I wanted to draw a live map showing the progress of the Lego Street View car as it drove outside. The dGPS sensor does a great job of plotting the car’s location, and the NXTBee provides a perfect high-speed long-distance serial link back to my Mac at home base. But how to display a live map that is updated with the car’s location in real-time? What platform should I use to develop a user-interface to the control the car and to plot map data?

That’s when I turned my attention to the Processing language. Processing is an open-source environment for interactive animation and image display. It’s a scripted language that is based on Java. Processing has inspired an active community of collaborators and animators. It comes with a rich set of graphics primitives, and the Processing community is active in creating new libraries.

Processing is an attractive solution for controlling the Street View car because:

  1. It’s multi-platform and runs on Windows, Mac OSX and Linux.
  2. It is based on Java, so comes with the expressive power of Java and object-oriented programming.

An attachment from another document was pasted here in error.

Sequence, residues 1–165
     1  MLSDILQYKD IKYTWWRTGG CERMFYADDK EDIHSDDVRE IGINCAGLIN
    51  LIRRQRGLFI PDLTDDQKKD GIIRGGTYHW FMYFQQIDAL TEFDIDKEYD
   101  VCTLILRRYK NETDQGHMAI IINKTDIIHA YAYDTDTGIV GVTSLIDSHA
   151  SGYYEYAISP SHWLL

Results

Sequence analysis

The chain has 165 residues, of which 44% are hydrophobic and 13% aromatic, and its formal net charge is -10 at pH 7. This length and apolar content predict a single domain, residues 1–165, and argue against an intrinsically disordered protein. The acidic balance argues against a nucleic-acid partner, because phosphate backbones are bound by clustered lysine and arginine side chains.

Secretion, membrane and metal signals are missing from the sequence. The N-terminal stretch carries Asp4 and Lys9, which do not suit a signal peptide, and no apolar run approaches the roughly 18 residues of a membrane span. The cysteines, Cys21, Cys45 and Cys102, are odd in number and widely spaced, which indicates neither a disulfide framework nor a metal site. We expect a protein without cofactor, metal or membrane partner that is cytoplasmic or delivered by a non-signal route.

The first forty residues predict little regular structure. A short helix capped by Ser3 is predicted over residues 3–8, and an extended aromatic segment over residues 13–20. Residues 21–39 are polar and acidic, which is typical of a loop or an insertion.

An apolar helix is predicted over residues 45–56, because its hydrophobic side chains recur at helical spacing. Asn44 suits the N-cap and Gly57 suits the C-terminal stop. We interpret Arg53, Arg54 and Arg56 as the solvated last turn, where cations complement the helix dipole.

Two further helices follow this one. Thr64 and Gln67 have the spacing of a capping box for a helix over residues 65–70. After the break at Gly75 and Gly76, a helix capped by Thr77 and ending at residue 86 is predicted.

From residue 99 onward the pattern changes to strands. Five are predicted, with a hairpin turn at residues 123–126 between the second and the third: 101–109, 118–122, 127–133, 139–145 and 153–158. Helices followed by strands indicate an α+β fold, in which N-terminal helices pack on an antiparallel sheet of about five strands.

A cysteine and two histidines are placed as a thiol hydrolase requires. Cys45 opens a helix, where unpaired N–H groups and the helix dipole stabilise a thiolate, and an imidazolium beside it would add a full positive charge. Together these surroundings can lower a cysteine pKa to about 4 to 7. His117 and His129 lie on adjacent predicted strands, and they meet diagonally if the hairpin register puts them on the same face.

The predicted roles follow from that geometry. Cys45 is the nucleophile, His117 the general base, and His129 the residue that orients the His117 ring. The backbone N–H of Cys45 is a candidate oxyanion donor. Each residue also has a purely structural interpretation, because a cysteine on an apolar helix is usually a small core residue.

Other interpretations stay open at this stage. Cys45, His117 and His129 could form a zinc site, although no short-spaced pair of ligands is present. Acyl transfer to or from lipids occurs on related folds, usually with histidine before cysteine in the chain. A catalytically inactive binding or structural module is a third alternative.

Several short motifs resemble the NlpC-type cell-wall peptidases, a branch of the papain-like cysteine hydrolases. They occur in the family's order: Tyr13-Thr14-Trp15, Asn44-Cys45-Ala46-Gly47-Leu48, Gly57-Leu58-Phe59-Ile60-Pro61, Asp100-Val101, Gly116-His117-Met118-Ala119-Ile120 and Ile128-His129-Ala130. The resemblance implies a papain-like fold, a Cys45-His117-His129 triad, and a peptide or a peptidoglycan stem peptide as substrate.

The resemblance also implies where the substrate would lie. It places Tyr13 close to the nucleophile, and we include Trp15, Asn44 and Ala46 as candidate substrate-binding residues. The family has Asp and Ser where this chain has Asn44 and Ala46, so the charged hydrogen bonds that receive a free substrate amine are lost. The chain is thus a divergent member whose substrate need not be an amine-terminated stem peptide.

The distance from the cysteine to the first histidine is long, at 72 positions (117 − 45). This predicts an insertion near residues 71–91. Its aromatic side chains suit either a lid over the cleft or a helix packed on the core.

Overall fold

3. It simplifies the tasks involved in building an interactive user interface. Processing is targeted at artists and others who need to quickly create animations or graphics but who do not have time to learn OpenGL.
  4. It has native support to communicate with serial port devices. And as we know from my previous tutorial the NXTBee is simply a serial device hooked onto the NXT.
  5. It can call web-services, and retrieve content over the web. This is particularly useful for retrieving map data.

Putting it all together Processing is the ideal candidate to build my front-end to control the Street View Car. Of course, feel free to email me and tell me why your favourite programming environment is far superior in every way 🙂